Simplot - Spring 2019

Spring 2019

Stockmen’s Report

223 Rodeo Ave. Caldwell, ID 83605 | 208-459-0777 |

THE KEY TO FLY CONTROL Great communication with our customers is key to our success as a business. It is our goal to keep you more informed than ever with this seasonal newsletter!

Ty Cochran Shares His Expertise

As part of my job at Central Life Sciences, I’ve become a bit of an expert on fly control. Traveling to ranches and dairies around the country and teaching folks how to use our line of Starbar products, I’m surprised at just how many livestock operations have all but surrendered to the flying menace. While there’s no silver bullet for keeping these pests out of your barn, you can eliminate up to 90 percent of the problem by undertaking a holistic fly-control program. It all starts with good housekeeping. Puddles, manure piles, the cute bit of dribble coming from a calf’s mouth — these are all staples of life on a farm, but they’re also part of an ideal fly habitat. Flies are living creatures, meaning they need food, water, and shelter to survive. Keeping a clean barn is the first step to making your farm inhospitable to pests. Spotting all these problem areas can be difficult, especially if they’ve existed for a long time. It’s a bit like when you leave a pair of socks on the floor in your bedroom for an extended period. Eventually, you don’t see a mess anymore. It’s just part of the landscape. That’s why it’s a good idea to train up a few farmhands as the go-to fly-control experts on your team. By learning to identify potential fly habitats, these hands can see the property with fresh eyes and eliminate problem areas as they spring up. These same experts can then oversee the maintenance of the rest of your fly-control program. Obviously, no barn will ever be spotless. Troughs spill, rain falls, and cows … well. If a fly can find a place to breed, it will, and each fly can lay up to 20 eggs per day. That’s why fly control needs to be a complete program, not just one product. With proper placement, baits, strips, traps, and sprays will neutralize many of the flies that do manage to take up residence in your barn. The key is putting the right product in the right place.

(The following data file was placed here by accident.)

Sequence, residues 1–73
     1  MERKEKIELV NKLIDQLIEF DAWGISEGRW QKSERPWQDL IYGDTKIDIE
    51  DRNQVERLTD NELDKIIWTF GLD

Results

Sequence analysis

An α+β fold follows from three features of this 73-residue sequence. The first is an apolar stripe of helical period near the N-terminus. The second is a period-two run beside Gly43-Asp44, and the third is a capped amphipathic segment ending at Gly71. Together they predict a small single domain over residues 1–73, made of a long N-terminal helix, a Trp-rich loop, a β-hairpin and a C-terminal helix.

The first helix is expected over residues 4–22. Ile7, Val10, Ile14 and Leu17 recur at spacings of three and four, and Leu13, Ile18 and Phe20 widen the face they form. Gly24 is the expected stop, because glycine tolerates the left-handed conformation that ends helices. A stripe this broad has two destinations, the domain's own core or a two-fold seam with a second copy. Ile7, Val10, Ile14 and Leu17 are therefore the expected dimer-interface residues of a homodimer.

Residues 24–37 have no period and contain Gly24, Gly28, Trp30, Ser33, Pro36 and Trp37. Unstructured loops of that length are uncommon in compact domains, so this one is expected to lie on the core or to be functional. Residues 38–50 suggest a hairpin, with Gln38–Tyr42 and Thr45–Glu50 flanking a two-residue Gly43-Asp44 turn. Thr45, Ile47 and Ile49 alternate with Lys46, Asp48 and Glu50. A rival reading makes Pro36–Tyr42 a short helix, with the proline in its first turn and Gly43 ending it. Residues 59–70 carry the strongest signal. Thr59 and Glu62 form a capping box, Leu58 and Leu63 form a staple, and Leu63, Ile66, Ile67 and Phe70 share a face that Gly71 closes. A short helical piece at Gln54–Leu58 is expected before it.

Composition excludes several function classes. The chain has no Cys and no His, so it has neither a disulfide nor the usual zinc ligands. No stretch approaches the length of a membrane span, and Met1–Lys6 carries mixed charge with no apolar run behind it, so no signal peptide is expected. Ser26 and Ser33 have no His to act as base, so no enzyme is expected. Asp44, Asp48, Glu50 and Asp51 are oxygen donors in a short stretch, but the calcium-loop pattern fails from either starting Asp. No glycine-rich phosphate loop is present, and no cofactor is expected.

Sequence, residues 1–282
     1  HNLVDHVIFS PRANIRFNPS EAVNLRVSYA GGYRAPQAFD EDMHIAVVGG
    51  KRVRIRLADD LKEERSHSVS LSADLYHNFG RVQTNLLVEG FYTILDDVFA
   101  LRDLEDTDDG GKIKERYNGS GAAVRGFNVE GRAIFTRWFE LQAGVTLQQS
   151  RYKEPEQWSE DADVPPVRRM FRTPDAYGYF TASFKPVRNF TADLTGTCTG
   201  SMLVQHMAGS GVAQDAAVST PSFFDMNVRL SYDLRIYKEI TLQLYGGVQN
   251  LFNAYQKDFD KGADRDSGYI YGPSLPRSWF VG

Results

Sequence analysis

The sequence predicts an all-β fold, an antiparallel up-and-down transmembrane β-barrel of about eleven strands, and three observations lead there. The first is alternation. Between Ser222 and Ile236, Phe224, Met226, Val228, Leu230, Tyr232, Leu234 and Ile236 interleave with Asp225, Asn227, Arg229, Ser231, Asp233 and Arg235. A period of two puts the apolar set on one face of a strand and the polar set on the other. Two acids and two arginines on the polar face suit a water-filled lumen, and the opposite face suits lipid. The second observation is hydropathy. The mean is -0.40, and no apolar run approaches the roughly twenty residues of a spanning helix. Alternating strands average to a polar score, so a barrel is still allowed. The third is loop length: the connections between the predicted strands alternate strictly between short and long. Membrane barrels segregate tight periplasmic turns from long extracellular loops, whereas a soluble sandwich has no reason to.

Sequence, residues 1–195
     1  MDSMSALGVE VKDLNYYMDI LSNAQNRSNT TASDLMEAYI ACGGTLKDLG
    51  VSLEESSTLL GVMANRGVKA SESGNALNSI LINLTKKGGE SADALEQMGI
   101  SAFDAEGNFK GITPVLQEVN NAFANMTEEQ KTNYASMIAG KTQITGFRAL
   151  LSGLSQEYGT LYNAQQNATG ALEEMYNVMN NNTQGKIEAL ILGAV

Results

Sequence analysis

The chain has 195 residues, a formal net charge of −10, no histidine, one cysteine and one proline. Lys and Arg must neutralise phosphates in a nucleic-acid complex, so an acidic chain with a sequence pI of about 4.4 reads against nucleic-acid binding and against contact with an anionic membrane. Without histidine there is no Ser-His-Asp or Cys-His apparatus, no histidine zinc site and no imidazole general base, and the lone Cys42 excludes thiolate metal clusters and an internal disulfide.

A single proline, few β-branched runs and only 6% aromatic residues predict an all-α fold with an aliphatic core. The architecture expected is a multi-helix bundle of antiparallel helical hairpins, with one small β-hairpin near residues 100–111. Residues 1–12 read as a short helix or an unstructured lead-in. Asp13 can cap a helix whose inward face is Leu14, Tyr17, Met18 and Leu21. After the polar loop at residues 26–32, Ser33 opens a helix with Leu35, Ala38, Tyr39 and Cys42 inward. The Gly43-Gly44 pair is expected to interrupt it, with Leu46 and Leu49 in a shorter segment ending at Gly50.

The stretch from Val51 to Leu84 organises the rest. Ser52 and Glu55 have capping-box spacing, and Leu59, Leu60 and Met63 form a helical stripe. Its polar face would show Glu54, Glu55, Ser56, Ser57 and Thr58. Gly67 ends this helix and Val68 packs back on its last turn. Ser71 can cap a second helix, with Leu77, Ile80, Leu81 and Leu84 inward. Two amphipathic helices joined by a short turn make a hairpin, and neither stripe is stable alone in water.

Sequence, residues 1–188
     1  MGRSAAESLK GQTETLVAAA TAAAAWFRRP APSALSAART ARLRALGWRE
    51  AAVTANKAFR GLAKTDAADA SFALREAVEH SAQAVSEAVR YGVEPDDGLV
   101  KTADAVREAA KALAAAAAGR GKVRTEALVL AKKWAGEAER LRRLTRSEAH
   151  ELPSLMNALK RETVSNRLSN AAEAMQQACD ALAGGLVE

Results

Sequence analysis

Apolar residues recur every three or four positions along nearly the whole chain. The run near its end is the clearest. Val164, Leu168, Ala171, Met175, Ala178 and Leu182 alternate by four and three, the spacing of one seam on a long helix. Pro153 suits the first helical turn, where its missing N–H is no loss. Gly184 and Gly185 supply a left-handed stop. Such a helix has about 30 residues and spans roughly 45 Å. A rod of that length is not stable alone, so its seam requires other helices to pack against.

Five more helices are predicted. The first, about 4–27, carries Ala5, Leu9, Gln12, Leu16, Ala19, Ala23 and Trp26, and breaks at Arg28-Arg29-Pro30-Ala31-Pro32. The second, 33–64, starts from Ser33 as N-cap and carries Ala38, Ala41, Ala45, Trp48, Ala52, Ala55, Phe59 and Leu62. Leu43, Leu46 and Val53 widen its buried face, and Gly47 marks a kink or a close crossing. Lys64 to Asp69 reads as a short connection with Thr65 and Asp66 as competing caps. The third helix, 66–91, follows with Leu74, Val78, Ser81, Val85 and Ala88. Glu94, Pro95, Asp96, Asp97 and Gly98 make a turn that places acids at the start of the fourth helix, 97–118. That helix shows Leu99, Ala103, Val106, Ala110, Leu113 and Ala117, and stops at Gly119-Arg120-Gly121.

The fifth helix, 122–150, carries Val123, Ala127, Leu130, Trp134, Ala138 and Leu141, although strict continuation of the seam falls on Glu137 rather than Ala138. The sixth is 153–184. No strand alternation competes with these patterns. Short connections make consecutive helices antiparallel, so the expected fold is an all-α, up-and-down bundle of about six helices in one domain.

You can tell a lot about what a fly is up to depending on where you find it. If it’s clinging to the ceiling, it’s resting and enjoying the fresher air at the top of the barn. This is where fly ribbons and sticks are most effective. They present a bright-colored place for the insects to land as they’re looking to rest their wings. Flies bumbling around at eye level are most likely looking to mate, so you’ll want to place odor- and pheromone-based traps here. When a fly is at low level, it’s looking to eat, and that’s where you want to scatter baits and abatement strips to lure them away from livestock and ensure their next meal is their last. Even when you have the right trap in the right area, you may still have to experiment to find the perfect spot. Heck, I hung a ribbon from the ceiling of my own home in what I thought was the perfect place and didn’t catch a single fly. After adjusting the placement by 10 feet, the trap was overflowing with them. My wife still hasn’t let me hear the end of that one. I won’t sugarcoat it: Establishing an effective fly-control program takes work, and it has to be maintained. But doing it right is more than worth it. Not only will fly control impact your bottom line by reducing disease and leaving you with happier, more productive livestock, but it will also vastly improve the quality of life for everyone on your team. Farm work is hard, but things get vastly more difficult when you have flies on your face and neck every two seconds. How many jobs are left half done because flies have rendered every second of barn work unbearable? This doesn’t have to be the case. A proper fly-control system can minimize the airborne pests in your barn and make for happier animals and humans alike.

-Ty Cochra n

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